Earthquakes, floods, sea-level rise and sudden shifts in river courses threaten many of the 150 million Bangladeshis living in the low-lying Brahmaputra River delta. Scientists from Lamont-Doherty, Dhaka University and other institutions have begun a five-year project to understand the hazards and the possible hidden links among them. Lamont geophysicist Michael Steckler keeps us up to date on the work.
Geohazards in Bangladesh
Polder 32 and Hiron Point
We sailed downstream to join the M/V Bawali with the Vanderbilt-Dhaka-Khulna group working on Bangladesh late at night and awoke to greet old friend and meet new ones. After breakfast, we all headed to Polder 32. Polder 32 is one of the islands that had embankments constructed around them to prevent flooding and improve agriculture. They use the Dutch term polder for the embankments. Polder 32 was one in which the polders failed during Cyclone Aila in 2009. As it turned out, while the polders improved agriculture as planned, it also led to subsidence of the island. It is now over 4 feet lower than land outside the island. This led to widespread flooding of the island after the cyclone that lasted for almost 2 years. We have been studying the causes and impact for the last few years. The subsidence inside the polders put everyone at risk as an unintended consequence of keeping out the natural flooding and sedimentation to improve agriculture. How to manage this system now is a difficult problem.
We also learned about the water problems at Polder 32. The groundwater is saline and not usable for either drinking or irrigation. They can only grow one crop a year, so the fields are all fallow except for some vegetable gardens by the homes. In other parts of Bangladesh 2 and even 3 crops a year are possible. We saw the abandoned tube wells installed by a wealthy donor after Cyclone Aila. They are all saline. Kazi Matin showed us his MAR site – managed aquifer recharge. They are attempting to create a pool of fresh groundwater over the heavier salt water providing a source of sweet water. Nearby, the Vanderbilt team is
installing equipment to measure water levels and flow at different depths, trying to better understand the groundwater system.
While the students fanned out to discuss agriculture with the farmers and test what few tube wells they could find, a small group of us took a speed boat to a large industrial shrimp farm on Polder 33. We found the site to be surrounded by a barbed wire fence. We found out later that it is to protect the site from tigers as it is on a peninsula surrounded on 3 sides by the Sundarbans. There was a rumor that the shrimp farm had closed and could be used to calibrate remote sensing data, but it was fully running. They grow 2 crops of jumbo shrimp a year over 9 months and spend the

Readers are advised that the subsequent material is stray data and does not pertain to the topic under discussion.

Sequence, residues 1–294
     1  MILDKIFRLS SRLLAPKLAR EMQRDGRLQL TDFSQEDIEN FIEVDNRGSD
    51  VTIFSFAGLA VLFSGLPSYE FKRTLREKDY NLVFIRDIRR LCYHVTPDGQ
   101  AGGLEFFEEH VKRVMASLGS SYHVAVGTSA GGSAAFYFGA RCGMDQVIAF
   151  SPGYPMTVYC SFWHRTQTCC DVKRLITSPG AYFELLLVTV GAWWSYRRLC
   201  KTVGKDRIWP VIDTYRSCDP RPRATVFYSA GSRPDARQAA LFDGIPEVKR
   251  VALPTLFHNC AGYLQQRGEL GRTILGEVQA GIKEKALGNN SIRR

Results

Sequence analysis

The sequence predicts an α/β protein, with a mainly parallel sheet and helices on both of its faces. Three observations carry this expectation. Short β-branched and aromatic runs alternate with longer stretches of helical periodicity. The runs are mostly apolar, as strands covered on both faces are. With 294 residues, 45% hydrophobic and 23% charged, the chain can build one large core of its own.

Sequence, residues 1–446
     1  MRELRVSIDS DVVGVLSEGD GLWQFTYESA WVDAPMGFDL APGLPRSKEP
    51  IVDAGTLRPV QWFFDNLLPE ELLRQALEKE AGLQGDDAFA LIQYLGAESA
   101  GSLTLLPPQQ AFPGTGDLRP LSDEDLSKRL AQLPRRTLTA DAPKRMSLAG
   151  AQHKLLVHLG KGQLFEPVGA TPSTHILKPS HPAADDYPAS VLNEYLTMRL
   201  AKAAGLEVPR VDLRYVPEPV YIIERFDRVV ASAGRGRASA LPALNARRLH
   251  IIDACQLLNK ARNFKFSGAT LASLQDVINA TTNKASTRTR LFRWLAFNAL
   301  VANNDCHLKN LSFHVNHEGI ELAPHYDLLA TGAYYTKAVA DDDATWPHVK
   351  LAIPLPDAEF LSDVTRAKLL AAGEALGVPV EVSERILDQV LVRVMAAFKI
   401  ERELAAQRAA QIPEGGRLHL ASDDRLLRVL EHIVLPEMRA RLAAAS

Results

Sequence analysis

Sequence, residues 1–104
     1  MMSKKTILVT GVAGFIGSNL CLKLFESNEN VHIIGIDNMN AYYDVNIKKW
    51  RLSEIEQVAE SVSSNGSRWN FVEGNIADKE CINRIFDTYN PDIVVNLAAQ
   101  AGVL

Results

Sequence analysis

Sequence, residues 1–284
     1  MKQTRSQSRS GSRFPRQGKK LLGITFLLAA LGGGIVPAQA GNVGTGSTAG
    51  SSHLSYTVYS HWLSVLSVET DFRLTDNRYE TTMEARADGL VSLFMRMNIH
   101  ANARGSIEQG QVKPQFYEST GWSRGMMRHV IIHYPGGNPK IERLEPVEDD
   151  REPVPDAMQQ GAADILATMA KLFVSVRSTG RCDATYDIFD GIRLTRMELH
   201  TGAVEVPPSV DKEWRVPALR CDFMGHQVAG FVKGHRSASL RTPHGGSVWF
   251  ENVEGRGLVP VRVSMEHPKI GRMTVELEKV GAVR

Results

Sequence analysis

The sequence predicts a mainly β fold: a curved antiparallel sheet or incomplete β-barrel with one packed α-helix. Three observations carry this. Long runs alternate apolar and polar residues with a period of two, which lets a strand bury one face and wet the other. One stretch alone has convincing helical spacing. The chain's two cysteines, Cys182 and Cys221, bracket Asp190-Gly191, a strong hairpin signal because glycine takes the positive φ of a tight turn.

remaining 3 months cleaning the ponds and preparing for the next season’s crop. They were one of the first large-scale shrimp operations in Bangladesh.
We sped back to the ship to find that the others had all returned and were having a swim break. I barely managed to change into my swimsuit and jump in before we all had to return to the ship to sail to Hiron Point. The strong tides in southern Bangladesh set our schedule as we try to catch tides going our way and avoid sailing against the tide. We sailed down channel between Polder 32 and the Sundarbans to the Shibsa River. At the end we passed Kalibogi. It is a peninsula at the end of Polder 32 that has had about a kilometer of erosion. It is now very narrow and the
embankment has been moved north of the peninsula, abandoning it. The shrimp farms that were once here are gone. There are only homes poorly protected from the elements and fishing is their only livelihood.
We sailed down the Shibsa to the Pusur River and overnighted in a narrow channel across from Hiron Point. In the morning we crossed. This stop is manly for me to service our GPS installation. We are using the precise measurements to determine the subsidence rate of this part of the delta. There is a tide gauge here that monitors the relative level between the sea and the land. While intended for navigation, over time it records the combined effect of land subsidence and sea level rise. With the GPS, we will be able to separate the two rates.
We all took the small wooden launch into the channel to the Forest Station. The Kokilmoni stayed outside lest it get trapped behind the mouth bar when the tide goes out. Hasnat and I, with Sabrina filming went to service the GPS while Liz demonstrated how to auger to get stratigraphy and sample for OSL dating. Small groups also took turns going up the observation tower. I discovered that I did not have my internet adapter – Apple have eliminated them from the newest Mac. I was stuck. Hasnat rushed back to the ship with the launch to get his computer. I could only wander around. I was shown the small spring with natural gas bubbling up. It could even be lit on fire. Finally Hasnat returned and we were able to download all the data since my last visit and upgrade the firmware of the receiver. We finished right at high time and rushed back to the ship to sail to our next stop. Thanks to Hasnat, we were able to accomplish our goals here.